Frank Gehry was among several peers on a blue-chip jury that judged concepts from 21 architects worldwide for developing land at 825 N. Kings Rd., adjacent to the Schindler site. Ideas came in from the likes of Zaha Hadid of London, known for her deconstructionist buildings; Michael Rotondi, who headed the Southern California Institute of Architecture for 10 years, and renowned French architects Odile Decq and Benoit Cornette.

The unique demonstration of contemporary, avant-garde architecture, called “Architectural Resistance: A Tribute to Preserving Schindler’s Paradise,” was held in August 2003 and orchestrated by the Vienna-based foundation that operates the Schindler House. Ideas included:

• “Schindler on the Roof” – This concept by Coop Himmelb(lau), a cooperative architectural design firm in Vienna, called for raising the Schindler House on a platform above the rooflines of neighboring buildings to protect it from future development, preserving its integrity by establishing a completely new horizon.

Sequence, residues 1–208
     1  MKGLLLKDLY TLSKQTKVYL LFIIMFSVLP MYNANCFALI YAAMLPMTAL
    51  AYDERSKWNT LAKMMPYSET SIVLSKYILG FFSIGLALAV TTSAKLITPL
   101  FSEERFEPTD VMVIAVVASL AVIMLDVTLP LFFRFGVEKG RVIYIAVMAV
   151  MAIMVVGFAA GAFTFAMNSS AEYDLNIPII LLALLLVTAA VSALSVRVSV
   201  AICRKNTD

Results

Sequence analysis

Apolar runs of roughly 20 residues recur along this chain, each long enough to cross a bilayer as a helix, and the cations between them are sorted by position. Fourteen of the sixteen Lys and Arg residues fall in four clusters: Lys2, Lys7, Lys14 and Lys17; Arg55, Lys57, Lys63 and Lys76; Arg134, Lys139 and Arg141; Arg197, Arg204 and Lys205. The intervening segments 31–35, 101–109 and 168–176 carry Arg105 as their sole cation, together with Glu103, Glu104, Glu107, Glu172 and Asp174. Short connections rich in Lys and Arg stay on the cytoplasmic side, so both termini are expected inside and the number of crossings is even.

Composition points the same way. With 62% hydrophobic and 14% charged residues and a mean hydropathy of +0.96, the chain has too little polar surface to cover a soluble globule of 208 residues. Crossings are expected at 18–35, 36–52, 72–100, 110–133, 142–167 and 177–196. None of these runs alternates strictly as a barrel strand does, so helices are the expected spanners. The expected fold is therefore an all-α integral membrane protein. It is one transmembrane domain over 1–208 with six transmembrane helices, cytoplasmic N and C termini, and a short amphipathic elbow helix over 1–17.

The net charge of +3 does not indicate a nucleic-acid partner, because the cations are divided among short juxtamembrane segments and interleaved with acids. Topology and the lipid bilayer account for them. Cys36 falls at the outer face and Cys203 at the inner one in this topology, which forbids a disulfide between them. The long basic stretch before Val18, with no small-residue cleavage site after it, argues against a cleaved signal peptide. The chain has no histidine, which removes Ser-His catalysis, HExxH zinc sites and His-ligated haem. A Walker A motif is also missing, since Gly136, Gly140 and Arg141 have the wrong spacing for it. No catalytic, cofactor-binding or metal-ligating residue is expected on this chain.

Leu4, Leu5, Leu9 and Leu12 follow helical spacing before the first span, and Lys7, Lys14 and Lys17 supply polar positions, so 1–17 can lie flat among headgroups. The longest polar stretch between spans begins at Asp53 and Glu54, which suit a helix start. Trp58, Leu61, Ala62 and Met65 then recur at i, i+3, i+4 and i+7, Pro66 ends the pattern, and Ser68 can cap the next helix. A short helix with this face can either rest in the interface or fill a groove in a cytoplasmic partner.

• Condo Tower – With 21 condos, the tall, lean 21-story tower would create much-needed space around the Schindler House (provided that the neighborhood’s four story, or 45-foot, height limit could be eased somewhat). The concept was submitted by Zaha Hadid, a Pritzker Architecture Prize winner who is the first woman to design a major American art museum – the Contemporary Art Center in Cincinnati;

• “Convertible Concept” – This idea called for enclosing the proposed condos in a convertible membrane structure designed to resemble nearby foothills so that “topography becomes construction” to create another natural, Schindler-like habitat. The submittal came from Bernhard Sommer and Goga S. Nawara, co-founders of exikon arc, Vienna; and